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The MMAP System Call in Linux

In this third part of a seven-part series on Linux I/O file system calls, you'll learn how to use the mmap() system call, which will give you some flexibility when handling files. This article is excerpted from chapter four of the book Linux System Programming: Talking Directly to the Kernel and C Library, written by Robert Love (O'Reilly, 2007; ISBN: 0596009585). Copyright © 2007 O'Reilly Media, Inc. All rights reserved. Used with permission from the publisher. Available from booksellers or direct from O'Reilly Media.

  1. The MMAP System Call in Linux
  2. The page size
  3. Return values and error codes
  4. Associated signals
By: O'Reilly Media
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December 11, 2008

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Mapping Files into Memory

As an alternative to standard file I/O, the kernel provides an interface that allows an application to map a file into memory, meaning that there is a one-to-one correspondence between a memory address and a word in the file. The programmer can then access the file directly through memory, identically to any other chunk of memory-resident data—it is even possible to allow writes to the memory region to transparently map back to the file on disk.

POSIX.1 standardizes—and Linux implements—themmap()system call for mapping objects into memory. This section will discussmmap()as it pertains to mapping files into memory to perform I/O; in Chapter 8, we will visit other applications ofmmap().

mmap( )

A call to mmap() asks the kernel to map lenbytes of the object represented by the file descriptorfd, starting atoffsetbytes into the file, into memory. Ifaddris included, it indicates a preference to use that starting address in memory. The access permissions are dictated byprot, and additional behavior can be given byflags:

  #include <sys/mman.h>

  void * mmap (void *addr,
               size_t len,
               int prot,
               int flags,
               int fd,
               off_t offset);

The addr parameter offers a suggestion to the kernel of where best to map the file. It is only a hint; most users pass 0. The call returns the actual address in memory where the mapping begins.

Theprotparameter describes the desired memory protection of the mapping. It may be eitherPROT_NONE, in which case the pages in this mapping may not be accessed (making little sense!), or a bitwise OR of one or more of the following flags:

   The pages may be read.

   The pages may be written.

   The pages may be executed.

The desired memory protection must not conflict with the open mode of the file. For example, if the program opens the file read-only,protmust not specifyPROT_WRITE.

Protection Flags, Architectures, and Security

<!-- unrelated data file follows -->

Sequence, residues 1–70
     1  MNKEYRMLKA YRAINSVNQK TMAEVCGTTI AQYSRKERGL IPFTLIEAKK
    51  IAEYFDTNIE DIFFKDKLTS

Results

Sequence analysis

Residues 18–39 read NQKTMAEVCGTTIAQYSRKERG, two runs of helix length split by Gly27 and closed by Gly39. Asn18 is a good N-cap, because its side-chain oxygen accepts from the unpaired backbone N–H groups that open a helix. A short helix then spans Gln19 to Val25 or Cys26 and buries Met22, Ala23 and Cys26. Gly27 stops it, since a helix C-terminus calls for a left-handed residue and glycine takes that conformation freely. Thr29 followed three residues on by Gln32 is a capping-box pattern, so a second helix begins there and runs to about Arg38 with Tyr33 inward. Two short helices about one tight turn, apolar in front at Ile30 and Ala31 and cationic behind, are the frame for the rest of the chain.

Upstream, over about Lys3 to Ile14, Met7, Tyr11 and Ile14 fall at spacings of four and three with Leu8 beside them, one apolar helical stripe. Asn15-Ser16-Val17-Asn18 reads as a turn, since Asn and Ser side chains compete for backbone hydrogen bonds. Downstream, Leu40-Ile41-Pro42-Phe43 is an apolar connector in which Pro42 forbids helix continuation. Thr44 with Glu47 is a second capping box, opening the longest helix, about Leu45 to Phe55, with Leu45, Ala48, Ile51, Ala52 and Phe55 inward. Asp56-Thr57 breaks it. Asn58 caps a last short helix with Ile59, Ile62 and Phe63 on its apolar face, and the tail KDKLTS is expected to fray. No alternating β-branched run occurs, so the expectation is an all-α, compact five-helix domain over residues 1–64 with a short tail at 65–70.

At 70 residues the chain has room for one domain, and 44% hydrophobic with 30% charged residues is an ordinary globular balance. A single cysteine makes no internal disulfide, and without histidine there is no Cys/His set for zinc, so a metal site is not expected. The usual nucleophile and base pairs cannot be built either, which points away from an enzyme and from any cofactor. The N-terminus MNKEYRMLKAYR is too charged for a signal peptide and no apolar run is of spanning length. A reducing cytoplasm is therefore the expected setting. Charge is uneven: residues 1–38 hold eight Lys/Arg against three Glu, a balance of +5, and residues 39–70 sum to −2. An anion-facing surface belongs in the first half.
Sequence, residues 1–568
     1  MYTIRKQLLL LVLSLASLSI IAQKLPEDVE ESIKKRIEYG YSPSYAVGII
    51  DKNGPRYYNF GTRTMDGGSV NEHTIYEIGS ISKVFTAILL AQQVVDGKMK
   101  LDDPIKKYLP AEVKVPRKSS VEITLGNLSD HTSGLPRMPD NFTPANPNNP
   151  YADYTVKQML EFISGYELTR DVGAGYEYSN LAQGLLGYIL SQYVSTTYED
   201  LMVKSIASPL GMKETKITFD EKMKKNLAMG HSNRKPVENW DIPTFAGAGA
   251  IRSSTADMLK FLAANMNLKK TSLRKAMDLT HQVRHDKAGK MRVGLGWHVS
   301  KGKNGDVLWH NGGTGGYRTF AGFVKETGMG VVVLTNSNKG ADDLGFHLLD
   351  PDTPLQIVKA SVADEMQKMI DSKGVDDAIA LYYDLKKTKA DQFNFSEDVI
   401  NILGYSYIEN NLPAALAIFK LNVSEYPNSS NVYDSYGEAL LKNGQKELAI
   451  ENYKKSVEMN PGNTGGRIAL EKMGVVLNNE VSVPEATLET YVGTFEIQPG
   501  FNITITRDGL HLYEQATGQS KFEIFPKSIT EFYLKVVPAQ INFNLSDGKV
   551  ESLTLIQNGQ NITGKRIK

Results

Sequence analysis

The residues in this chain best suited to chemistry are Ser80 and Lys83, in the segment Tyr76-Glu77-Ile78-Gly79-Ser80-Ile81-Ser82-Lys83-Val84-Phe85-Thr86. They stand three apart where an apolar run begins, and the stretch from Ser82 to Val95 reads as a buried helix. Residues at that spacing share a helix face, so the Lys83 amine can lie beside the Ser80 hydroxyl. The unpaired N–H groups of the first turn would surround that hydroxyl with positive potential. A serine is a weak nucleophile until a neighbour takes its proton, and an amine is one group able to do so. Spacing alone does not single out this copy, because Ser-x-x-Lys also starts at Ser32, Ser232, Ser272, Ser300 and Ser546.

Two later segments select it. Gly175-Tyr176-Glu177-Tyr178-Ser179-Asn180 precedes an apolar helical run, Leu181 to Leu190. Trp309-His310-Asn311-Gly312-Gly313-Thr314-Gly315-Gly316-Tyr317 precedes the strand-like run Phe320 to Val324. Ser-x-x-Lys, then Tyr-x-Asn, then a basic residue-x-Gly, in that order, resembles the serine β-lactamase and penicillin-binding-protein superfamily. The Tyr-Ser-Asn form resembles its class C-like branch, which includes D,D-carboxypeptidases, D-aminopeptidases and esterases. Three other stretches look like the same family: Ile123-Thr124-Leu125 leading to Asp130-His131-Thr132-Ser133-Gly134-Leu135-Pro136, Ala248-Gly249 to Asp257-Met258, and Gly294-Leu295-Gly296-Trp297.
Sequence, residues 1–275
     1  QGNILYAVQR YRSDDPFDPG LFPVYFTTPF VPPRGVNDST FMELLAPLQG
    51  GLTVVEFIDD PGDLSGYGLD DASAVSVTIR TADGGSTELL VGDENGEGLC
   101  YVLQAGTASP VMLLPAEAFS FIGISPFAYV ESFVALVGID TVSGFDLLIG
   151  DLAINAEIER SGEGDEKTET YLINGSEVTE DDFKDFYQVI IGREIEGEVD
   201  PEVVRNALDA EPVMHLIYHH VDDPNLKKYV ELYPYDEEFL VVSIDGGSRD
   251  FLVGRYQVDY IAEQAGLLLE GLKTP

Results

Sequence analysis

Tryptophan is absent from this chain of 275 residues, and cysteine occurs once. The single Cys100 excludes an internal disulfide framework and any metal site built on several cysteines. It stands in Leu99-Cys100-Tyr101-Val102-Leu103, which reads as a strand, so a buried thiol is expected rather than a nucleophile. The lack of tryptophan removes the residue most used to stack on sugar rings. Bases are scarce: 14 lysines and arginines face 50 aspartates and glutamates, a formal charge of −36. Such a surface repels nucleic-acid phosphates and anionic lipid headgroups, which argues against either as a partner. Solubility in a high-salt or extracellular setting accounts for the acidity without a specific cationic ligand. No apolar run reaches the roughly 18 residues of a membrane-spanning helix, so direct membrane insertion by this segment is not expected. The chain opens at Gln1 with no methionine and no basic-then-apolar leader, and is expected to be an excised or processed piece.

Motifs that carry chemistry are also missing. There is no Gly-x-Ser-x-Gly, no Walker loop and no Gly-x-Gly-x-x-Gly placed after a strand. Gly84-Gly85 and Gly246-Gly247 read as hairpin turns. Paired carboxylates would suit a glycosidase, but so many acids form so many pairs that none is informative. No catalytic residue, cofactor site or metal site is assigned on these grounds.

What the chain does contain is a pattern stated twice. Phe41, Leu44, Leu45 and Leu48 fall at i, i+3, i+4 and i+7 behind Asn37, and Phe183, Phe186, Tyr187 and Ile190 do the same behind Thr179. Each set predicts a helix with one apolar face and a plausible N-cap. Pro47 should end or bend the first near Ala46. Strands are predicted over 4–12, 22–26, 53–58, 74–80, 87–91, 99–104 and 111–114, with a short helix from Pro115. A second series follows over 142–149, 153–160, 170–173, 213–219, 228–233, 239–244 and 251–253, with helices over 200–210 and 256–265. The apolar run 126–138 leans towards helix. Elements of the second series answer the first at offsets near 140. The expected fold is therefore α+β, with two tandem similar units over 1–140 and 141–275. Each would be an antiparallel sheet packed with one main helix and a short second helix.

While POSIX defines four protection bits (read, write, execute, and stay the heck away), some architectures support only a subset of these. It is common, for example, for a processor to not differentiate between the actions of reading and executing. In that case, the processor may have only a single “read” flag. On those systems, PROT_READ implies PROT_EXEC. Until recently, the x86 architecture was one such system.

Of course, relying on such behavior is not portable. Portable programs should always setPROT_EXECif they intend to execute code in the mapping.

The reverse situation is one reason for the prevalence of buffer overflow attacks: even if a given mapping does not specify execution permission, the processor may allow execution anyway.

Recent x86 processors have introduced the NX (no-execute) bit, which allows for readable, but not executable, mappings. On these newer systems,PROT_READno longer impliesPROT_EXEC.

Theflagsargument describes the type of mapping, and some elements of its behavior. It is a bitwise OR of the following values:


Instructsmmap()to treataddr as a requirement, not a hint. If the kernel is unable to place the mapping at the given address, the call fails. If the address and length parameters overlap an existing mapping, the overlapped pages are discarded and replaced by the new mapping. As this option requires intimate knowledge of the process address space, it is nonportable, and its use is discouraged.


States that the mapping is not shared. The file is mapped copy-on-write, and any changes made in memory by this process are not reflected in the actual file, or in the mappings of other processes.


Shares the mapping with all other processes that map this same file. Writing into the mapping is equivalent to writing to the file. Reads from the mapping will reflect the writes of other processes.

EitherMAP_SHAREDorMAP_PRIVATEmust be specified, but not both. Other, more advanced flags are discussed in Chapter 8.

When you map a file descriptor, the file’s reference count is incremented. Therefore, you can close the file descriptor after mapping the file, and your process will still have access to it. The corresponding decrement of the file’s reference count will occur when you unmap the file, or when the process terminates.

As an example, the following snippet maps the file backed byfd, beginning with its first byte, and extending forlenbytes, into a read-only mapping:

  void *p;

  p = mmap (0, len, PROT_READ, MAP_SHARED, fd, 0);
  if (p == MAP_FAILED)
          perror ("mmap");

Figure 4-1 shows the effects of paramaters supplied withmmap()on the mapping between a file and a process’ address space.

Figure 4-1.  Mapping a file into a process' address space

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